A living vision, not just a national park.
The Karen People have lived in our forest home for 2,758 years according to our calendar. Our lands and waters play many important roles in everyday life and in our future prosperity. They are core to the subsistence practices of our communities.
Karen territories boast fertile soil, where the ‘Ku’ shifting cultivation system is used to grow vegetables and other foods rotationally, allowing nature to recover. The rivers of our Karen territories, including the Salween, provide a means of reliable transport and trade, as well as a rich source of fish. Our people forage for wild foods like bamboo shoots, banana fruits and flowers, honey, mushrooms, and edible ferns in verdant forests.
We peacefully coexist with rare and endangered animals like the Sun Bear. Our communities gather forest materials to build and maintain homes, to make various tools and create art.
Our ancestral territories are a repository for our history, culture, and beliefs. Karen communities are predominantly animist, and our practices and culture are deeply intertwined with and situated within our ancestral territories, which we call Kawthoolei.
For our communities, the conservation of nature is vital to the conservation of our own culture. The health of one directly corresponds to the health and prosperity of the other. This is expressed through cultural traditions and taboos that encourage sustainable use of some resources and forbid the harvesting or use of others. They are observed seriously.
We are the best custodians of our ancestral territories. This is demonstrated by the rich biodiversity of Kawthoolei, which is situated in the Indo-Burma biodiversity hotspot and is of global significance to nature conservation.
Many areas in Myanmar have been deforested, with animal habitats destroyed, and plant species lost, but in our Karen homeland healthy populations of threatened and near threatened wildlife can thrive.
For decades our culture and Kawthoolei homeland have been under assault. The conflict in this region is one of the longest-running civil wars in the world. Since 1949, a year after Myanmar gained independence from Britain, the Karen have been fighting for political independence from Myanmar.
In over 70 years of armed conflict, many thousands of Karen people have experienced genocide, torture, and sexual violence at the hands of the armed forces of Myanmar. Hundreds of thousands of civilians have been displaced throughout the course of the conflict, with many fleeing to Thailand or becoming internally displaced peoples.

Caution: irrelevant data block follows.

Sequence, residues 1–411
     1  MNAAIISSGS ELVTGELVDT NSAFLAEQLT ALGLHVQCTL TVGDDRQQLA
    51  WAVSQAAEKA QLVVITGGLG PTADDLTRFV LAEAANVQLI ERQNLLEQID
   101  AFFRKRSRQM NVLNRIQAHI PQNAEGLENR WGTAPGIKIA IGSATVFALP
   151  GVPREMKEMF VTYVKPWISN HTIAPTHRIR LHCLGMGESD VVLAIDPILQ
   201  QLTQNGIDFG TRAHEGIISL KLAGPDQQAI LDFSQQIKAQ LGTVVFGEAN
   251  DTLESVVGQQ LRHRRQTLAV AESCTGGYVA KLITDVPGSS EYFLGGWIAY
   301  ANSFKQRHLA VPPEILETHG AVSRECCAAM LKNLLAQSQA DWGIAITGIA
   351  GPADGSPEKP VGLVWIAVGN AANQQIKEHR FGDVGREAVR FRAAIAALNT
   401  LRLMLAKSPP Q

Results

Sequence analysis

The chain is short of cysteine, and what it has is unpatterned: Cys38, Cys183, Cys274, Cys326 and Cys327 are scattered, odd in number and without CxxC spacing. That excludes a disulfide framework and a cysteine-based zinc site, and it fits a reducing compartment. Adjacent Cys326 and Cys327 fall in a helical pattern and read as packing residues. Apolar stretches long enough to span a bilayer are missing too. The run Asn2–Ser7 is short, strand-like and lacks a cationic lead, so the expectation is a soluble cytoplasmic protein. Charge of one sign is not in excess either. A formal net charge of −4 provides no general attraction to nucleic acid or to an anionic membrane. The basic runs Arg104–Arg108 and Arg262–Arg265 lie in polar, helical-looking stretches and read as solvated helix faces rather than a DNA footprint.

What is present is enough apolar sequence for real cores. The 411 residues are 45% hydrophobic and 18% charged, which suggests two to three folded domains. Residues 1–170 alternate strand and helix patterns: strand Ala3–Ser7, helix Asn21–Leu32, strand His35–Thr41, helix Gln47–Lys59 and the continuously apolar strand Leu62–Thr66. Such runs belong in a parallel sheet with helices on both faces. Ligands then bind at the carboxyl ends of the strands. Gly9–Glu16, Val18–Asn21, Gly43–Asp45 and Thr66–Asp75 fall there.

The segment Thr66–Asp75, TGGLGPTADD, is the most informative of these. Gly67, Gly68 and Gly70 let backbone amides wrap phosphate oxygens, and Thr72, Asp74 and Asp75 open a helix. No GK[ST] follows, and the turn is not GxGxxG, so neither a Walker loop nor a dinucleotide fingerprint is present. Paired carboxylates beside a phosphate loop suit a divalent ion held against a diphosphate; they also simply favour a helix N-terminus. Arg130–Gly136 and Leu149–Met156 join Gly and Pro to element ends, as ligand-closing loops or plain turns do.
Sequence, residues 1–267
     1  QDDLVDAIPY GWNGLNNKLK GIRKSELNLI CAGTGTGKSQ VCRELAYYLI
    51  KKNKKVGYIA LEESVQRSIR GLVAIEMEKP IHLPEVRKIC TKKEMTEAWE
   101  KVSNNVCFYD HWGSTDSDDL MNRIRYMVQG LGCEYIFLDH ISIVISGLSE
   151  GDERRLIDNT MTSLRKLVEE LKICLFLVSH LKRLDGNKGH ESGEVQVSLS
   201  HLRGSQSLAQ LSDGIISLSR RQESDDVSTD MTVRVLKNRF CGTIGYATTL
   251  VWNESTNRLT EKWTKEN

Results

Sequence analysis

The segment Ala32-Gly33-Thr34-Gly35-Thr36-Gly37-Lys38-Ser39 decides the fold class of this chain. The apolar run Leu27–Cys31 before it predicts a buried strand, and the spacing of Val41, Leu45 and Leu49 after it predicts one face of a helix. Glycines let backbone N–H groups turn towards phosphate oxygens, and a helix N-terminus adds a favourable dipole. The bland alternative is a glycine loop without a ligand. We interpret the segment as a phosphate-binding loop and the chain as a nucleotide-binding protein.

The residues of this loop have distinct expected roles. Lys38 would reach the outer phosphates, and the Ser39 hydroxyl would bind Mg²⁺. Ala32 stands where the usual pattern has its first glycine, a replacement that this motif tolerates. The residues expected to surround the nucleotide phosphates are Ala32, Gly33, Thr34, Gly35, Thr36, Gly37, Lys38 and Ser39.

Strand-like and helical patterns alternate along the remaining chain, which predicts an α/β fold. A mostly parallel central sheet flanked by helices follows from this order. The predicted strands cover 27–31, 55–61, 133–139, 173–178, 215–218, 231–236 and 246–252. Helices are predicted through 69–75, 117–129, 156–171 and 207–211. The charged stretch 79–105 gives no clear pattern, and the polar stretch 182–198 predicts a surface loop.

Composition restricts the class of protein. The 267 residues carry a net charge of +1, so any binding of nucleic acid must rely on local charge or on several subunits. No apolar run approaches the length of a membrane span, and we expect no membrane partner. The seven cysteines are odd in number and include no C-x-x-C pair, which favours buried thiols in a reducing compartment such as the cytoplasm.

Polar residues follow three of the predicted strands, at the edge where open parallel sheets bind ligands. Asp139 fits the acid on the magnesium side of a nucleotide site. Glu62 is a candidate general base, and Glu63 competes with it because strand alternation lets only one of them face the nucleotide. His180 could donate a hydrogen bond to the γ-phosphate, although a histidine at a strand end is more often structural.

More recently, the main challenges that communities in Kawthoolei face derive from logging, mining, infrastructure projects including road and bridge construction, and a series of government-proposed mega-hydropower dams on the Salween River. Communities also face threats from private agribusiness, logging and mining concessions, which are predominantly granted to outside interests and conducted within Karen ancestral territories without communities’ permission or any form of compensation.
A living vision, not just a national park.
The Myanmar Government’s constitution claims all land, waters, and natural resources for the government. Created without the involvement or consent of indigenous communities, these laws do not recognise the tenure rights and cultural practices of the Karen people. They seek to evict Karen communities from ancestral territories and eradicate traditional forms of ‘Ku’ shifting cultivation.
The Myanmar Government’s push for territorial domination and the monetisation of natural resources and land, conducted through military violence, is destructive to the Karen Peoples and our lands.
Mining activities continuously create challenges for our culture, livelihoods and traditional forms of conservation. Common methods of gold mining are disruptive to local wildlife, destroying habitats and poisoning water sources with mercury and engine oil.
In parts of Kawthoolei, the sheer amount of soil and silt that have to be moved to access the subterranean gold has led to river sedimentation, reduced access to clean water for drinking and bathing, and damaged aquatic ecosystems. Resultant chemical runoffs and air pollution have also caused health issues, including skin and respiratory problems. Yet gold and stone mining continue and recorded mining activities have increased since the 2012 ceasefire.
Karen communities have resisted these externally imposed destructive development projects since they began during the colonial era. During the time of British colonial control, communities worked together to protest British logging concessions in Karen ancestral territories, and negotiated with local British administrative officers to resolve disputes between them and communities.
Since Burma’s independence, Karen communities have continuously called for the recognition of their rights to their ancestral territories and a peaceful and stable life. This has primarily taken the form of public protests, and the creation and dissemination of reports, documentaries, and songs about the issues of destructive development and impacts of armed conflict that we face.